Esme J. Hill and Ricky A. Sharma

DOI:

DOI: 10.4172/2155-9619.1000108

The commonest cause of death from advanced colorectal cancer is disease progression of hepatic metastases. A number of technologies are in clinical development to improve local control of liver metastases and potentially improve overall survival. Radio-embolization (RE) is a technique for administering resin or glass microspheres that contain yttrium-90 to unresectable primary or secondary hepatic malignancies internally via the liver's arterial supply in a single procedure. Clinical trials of RE used with concomitant radiosensitizing chemotherapy have shown promising results in patients with metastatic colorectal cancer. In this article, the evidence base for combining RE with systemic chemotherapy in the first line therapy of metastatic colorectal cancer is appraised and the scientific rationale for combining RE with chemotherapy in first and subsequent lines of therapy is outlined. Clinical trials of RE and chemotherapy currently recruiting patients with metastatic colorectal cancer are discussed in detail and practical recommendations offered on how best to combine RE and systemic chemotherapy.

Special Issue Article

Pages: 1 - 4

Experiences in Hepatic Surgery and Transplantation after Radioembolization

Giuseppe Maria Ettorre, Giovanni Vennarecci, Roberto Santoro, Lucia Miglioresi, Pasquale Lepiane, Marco Colasanti, Enrico Moroni, Andrea Laurenzi, Lidia Colace, Rosa Sciuto, Livio Carpanese and Mario Antonini

DOI:

DOI: 10.4172/2155-9619.1000109

Yttrium-90 microspheres radioembolization has shown to be an effective modality of treatment in patients with primary or metastatic liver tumours [1-4]. It is usually offered to patients with advanced liver cancers. However, surgical experience after radioembolization is very limited to anecdotal cases mainly related to hepatocellular carcinoma. We have treated patients with hepatocellular carcinoma or liver metastasis mainly from colon, breast, melanoma and neuroendocrine tumours. In our experience after such treatment we were able to downstage the tumour to surgery only in the case of hepatocellular carcinoma. Five patients had liver transplantation and 1 had right hepatic resection after Yttrium-90 microspheres radioembolization. Of note 2 patients had neoplastic infiltration of a portal vein branch which resolved after treatment with Yttrium-90 microspheres radioembolization. The extra-hepatic spread was ruled out and later they were both transplanted. Here we report our initial single center experience with Yttrium-90 microspheres radioembolization as downstaging and bridging method for hepatocellular carcinoma prior liver surgery, resection or liver transplantation.

Special Issue Article

Pages: 1 - 6

Radioembolization for Hepatocellular Carcinoma: Evidence-Based Answers to Frequently Asked Questions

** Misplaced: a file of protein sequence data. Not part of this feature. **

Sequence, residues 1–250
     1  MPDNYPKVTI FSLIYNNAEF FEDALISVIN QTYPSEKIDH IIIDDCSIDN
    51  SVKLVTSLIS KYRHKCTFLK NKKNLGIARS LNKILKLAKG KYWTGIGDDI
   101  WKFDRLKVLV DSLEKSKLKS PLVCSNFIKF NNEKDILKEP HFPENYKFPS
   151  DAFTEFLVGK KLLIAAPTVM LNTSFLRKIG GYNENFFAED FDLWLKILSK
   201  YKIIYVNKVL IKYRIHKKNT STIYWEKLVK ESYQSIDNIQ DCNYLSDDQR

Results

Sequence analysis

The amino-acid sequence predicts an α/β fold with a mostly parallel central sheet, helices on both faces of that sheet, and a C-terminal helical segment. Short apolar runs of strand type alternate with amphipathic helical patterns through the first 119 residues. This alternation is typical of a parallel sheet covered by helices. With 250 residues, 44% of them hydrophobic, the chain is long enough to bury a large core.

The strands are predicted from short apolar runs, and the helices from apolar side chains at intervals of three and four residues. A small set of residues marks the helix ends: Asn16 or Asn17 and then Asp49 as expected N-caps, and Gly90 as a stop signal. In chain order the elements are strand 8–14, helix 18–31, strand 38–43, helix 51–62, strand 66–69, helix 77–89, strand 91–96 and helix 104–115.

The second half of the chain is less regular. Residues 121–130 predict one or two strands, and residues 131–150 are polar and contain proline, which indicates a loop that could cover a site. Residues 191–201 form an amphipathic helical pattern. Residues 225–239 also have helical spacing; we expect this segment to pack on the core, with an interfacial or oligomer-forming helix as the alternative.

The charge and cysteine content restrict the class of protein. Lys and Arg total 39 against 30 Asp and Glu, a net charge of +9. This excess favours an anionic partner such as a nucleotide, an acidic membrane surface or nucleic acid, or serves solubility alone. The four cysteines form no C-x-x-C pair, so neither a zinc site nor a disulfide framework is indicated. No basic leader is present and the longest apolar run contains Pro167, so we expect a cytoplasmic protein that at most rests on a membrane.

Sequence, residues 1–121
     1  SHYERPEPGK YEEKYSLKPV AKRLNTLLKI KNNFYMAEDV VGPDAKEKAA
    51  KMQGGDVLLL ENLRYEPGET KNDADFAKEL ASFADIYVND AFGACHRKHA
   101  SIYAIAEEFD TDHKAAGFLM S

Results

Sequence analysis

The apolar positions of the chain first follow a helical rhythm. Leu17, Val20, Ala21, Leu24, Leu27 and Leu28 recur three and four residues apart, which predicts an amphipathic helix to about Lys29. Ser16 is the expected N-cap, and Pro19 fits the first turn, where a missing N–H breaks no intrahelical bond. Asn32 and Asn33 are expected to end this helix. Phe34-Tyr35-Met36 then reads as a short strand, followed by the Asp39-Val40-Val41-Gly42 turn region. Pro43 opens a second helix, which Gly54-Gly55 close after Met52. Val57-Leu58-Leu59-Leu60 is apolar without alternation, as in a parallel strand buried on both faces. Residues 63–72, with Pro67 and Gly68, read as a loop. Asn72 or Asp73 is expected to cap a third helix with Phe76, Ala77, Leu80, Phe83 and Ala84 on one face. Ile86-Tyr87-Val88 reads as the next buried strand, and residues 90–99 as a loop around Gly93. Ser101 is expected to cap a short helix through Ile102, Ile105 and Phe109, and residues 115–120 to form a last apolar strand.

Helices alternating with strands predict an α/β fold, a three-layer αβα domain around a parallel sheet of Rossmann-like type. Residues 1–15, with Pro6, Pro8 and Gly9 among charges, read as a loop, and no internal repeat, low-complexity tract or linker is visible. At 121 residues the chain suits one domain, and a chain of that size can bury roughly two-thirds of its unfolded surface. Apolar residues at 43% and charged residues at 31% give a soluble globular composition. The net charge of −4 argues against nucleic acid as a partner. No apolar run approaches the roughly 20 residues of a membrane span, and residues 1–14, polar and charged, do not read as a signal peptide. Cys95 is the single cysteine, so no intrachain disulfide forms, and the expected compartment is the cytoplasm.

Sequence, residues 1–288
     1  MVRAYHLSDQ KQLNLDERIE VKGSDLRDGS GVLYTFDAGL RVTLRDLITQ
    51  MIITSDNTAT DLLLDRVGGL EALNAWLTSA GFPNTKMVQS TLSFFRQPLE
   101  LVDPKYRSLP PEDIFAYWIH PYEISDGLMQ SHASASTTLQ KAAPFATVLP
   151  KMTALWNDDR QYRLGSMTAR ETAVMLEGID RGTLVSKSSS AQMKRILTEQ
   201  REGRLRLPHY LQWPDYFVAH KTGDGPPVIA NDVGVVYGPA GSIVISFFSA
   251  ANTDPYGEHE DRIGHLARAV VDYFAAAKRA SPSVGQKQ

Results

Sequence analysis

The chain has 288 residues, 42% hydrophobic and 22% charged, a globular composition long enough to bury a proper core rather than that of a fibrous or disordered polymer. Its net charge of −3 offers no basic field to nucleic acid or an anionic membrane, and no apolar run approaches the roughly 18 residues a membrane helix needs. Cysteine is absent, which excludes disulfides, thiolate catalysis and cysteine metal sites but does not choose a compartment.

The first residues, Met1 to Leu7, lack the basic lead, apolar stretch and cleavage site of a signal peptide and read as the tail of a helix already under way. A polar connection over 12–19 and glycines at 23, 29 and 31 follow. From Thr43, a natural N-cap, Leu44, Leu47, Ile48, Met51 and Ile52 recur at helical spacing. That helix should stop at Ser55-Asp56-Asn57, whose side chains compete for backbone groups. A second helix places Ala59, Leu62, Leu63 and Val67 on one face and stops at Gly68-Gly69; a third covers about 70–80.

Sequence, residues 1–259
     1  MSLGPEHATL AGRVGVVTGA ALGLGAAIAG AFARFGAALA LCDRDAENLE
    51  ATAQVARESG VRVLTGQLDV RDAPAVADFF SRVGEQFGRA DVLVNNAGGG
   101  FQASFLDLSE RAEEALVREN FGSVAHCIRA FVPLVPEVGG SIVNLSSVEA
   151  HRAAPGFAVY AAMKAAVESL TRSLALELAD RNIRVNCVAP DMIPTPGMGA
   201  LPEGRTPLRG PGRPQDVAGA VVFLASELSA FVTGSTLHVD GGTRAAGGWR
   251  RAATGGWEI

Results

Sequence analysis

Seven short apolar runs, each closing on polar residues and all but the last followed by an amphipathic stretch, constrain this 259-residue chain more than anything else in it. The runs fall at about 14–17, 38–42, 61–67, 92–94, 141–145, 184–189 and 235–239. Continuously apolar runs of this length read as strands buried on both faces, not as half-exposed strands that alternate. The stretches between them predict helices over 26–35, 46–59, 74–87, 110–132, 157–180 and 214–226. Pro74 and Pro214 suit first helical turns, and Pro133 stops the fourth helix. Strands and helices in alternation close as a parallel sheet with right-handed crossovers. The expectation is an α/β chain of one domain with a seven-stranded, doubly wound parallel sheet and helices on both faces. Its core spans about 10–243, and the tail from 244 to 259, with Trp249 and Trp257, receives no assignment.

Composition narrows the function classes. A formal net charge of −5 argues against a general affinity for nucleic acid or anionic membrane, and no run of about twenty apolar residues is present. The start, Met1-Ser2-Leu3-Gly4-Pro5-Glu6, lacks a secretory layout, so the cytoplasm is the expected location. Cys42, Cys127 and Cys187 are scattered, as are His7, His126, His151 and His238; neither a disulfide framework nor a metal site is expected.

Bruno Sangro and Mercedes Iñarrairaegui

DOI:

DOI: 10.4172/2155-9619.1000110

Hepatocellular carcinoma (HCC) is the third most common cause of cancer-related mortality. Radioembolization is a form of selective internal radiation therapy that is increasingly used to treat patients with HCC, particularly those with more advanced disease. This review will try to answer some of the most frequently asked questions regarding the use of radioembolization to treat HCC patients and provide supporting evidence. Rather than a new form of transarterial chemoembolization (TACE), radioembolization is a form of brachytherapy that has a highly localized effect on liver tumors. The two devices that are available (glass and resin microspheres) are similar in size (25 to 35 microns), but differ in the amount of isotope loaded onto each microsphere and the number of spheres injected in a single treatment. Despite this, the evidence seems to indicate that the antitumor effect and safety profiles of these two devices in HCC are similar. Liver cirrhosis frequently underlies HCC. Despite the higher chance for relevant liver toxicity, there is now good evidence from large studies to show that radioembolization can be safely and effectively performed in cirrhotic patients with HCC. With no randomized controlled trials published so far, there is recent scientific evidence that allows comparison between radioembolization and other treatment options including TACE and the systemic, agent sorafenib. Radioembolization appears to have similar efficacy to TACE in patients that are ideal candidates for locoregional therapy and has shown encouraging results in patients that have failed TACE or who are poor candidates for this therapy. Survival in comparable sorafenib- and radioembolizationtreated HCC patients is quite similar. The indication for radioembolization has to be balanced against the risk of liver decompensation and the natural history of the disease, based on tumor burden and liver function. Patients with inadequate liver functional reserve and diffuse tumors affecting either lobes, or portal vein thrombosis that reaches the main trunk should probably not be treated with this procedure.

Special Issue Article

Pages: 1 - 8

Patient Specific 3D Image-Based Radiation Dose Estimates for 90Y Microsphere Hepatic Radioembolization in Metastatic Tumors

Andrew Kennedy, William Dezarn and Alec Weiss

DOI:

DOI: 10.4172/2155-9619.1000111